I once dashed an email off to a colleague in a hurry. The email concerned, in some way, the Judeo-Christian deity, known in the Hebrew Bible by the tetragrammaton YHWH. Quite unintentionally, my harried fingers tapped out YWHW—an honest, if impious, mistake. My colleague, who happens to be Jewish, immediately pointed out my unintentional blasphemy—one more casualty of the computer age. Naturally, I apologized and life went on. (I try not to spin out the larger implications.) The point is, based on the third (some would say “second”) commandment, Judaism has strongly preserved the taboo on using the divine name at all. God’s name is spelled without vowels to prevent anyone from trying to say it, and when written with the vowels of the word “lord” (adonai) gives us the false form Jehovah. Casual use of the divine name is considered offensive, and some would say it’s swearing.
While on Amazon.com the other day—it is the site to which I go for solace; so many books! So many books!—I came across the Hebraic Roots Bible. Subtitled “A Literal Translation,” it was clear that this was yet another well-intentioned, but ill-fated attempt to make the definitive English translation of the Hebrew Bible. True, literal translation is a chimera. Languages are thought-systems and can only be approximated in other languages. Those who wish to read the Bible literally must become proficient in Hebrew and Greek, with a smattering of Aramaic. In any case, none of that caught my attention. Without a hint of irony, the author of this book was listed as Yahweh. In case you’ve been wondering why some prayers are going unanswered, you may have your answer here—the Almighty has been busy writing a book!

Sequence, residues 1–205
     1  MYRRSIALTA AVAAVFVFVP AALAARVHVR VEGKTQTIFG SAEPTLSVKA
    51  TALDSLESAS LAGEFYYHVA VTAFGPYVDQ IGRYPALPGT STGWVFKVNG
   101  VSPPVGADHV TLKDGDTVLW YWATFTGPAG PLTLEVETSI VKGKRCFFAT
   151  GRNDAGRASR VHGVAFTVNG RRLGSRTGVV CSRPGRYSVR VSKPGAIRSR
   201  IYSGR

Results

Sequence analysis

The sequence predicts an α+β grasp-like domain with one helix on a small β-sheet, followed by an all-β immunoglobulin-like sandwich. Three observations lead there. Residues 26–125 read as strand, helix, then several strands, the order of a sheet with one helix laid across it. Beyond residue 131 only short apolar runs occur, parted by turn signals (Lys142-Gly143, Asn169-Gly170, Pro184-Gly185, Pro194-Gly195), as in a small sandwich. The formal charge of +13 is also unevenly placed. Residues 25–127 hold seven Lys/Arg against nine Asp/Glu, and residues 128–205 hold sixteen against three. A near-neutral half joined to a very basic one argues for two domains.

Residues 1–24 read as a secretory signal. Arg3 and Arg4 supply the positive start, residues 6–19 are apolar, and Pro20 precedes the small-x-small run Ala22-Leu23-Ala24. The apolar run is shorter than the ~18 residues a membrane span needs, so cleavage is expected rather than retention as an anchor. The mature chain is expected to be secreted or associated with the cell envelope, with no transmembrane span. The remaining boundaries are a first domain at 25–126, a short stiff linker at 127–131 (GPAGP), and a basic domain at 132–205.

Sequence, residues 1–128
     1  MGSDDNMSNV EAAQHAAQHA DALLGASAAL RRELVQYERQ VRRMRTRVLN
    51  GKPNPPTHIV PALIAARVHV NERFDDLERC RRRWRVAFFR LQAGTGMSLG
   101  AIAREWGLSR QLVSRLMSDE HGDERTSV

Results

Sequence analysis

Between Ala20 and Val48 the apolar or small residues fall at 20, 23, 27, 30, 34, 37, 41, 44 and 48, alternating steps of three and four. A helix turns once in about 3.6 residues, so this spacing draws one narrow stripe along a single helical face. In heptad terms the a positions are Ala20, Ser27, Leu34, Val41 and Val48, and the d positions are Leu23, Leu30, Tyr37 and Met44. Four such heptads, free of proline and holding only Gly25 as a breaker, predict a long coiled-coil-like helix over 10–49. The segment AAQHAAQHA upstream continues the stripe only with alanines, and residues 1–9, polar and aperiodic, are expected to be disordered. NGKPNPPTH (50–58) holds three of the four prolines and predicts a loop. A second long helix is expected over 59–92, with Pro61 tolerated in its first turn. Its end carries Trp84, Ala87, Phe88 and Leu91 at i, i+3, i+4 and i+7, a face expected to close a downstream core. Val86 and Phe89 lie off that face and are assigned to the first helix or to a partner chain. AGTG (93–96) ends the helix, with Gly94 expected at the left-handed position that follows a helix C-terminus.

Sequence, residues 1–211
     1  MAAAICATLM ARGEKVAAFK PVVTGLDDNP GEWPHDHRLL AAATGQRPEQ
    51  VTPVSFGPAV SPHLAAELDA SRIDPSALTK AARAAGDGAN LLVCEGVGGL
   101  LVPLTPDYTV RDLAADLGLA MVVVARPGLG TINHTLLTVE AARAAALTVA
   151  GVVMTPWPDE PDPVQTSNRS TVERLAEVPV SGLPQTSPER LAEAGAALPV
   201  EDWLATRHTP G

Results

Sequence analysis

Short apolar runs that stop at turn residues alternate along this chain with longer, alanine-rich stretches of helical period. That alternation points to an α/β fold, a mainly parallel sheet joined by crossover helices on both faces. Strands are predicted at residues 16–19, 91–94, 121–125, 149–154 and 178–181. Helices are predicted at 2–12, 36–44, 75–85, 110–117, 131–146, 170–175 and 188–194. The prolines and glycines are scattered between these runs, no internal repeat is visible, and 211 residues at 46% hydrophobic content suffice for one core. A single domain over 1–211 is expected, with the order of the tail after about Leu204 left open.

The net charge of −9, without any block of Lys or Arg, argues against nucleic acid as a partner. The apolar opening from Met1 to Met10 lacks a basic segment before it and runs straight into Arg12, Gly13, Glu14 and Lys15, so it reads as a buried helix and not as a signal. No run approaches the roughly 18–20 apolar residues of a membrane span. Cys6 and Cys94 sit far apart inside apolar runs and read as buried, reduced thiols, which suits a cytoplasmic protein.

My first reaction was a coy smile. That is kind of a cute selling point. But then I realized there was likely no humor to it. This was probably understood to be read literally: Yahweh wrote this book. I wonder who he got to write the Foreword. My error to my Jewish colleague was, literally, unintentional. This was literally scary. Who would be bold enough to claim that their own interpretation was the word of I Am himself? Why did he wait until 2012 to publish it? Blasphemy comes in a variety of forms. While still at Routledge, one of my Jewish authors insisted that I strike the blasphemy clause (standard for many publishing contracts) from his agreement. “Who can write anything that isn’t considered blasphemy by somebody?” he reasonably asked. The thought comes back to me, looking at the Hebraic Roots Bible. The author’s name, after all, didn’t even make it onto the cover of the book.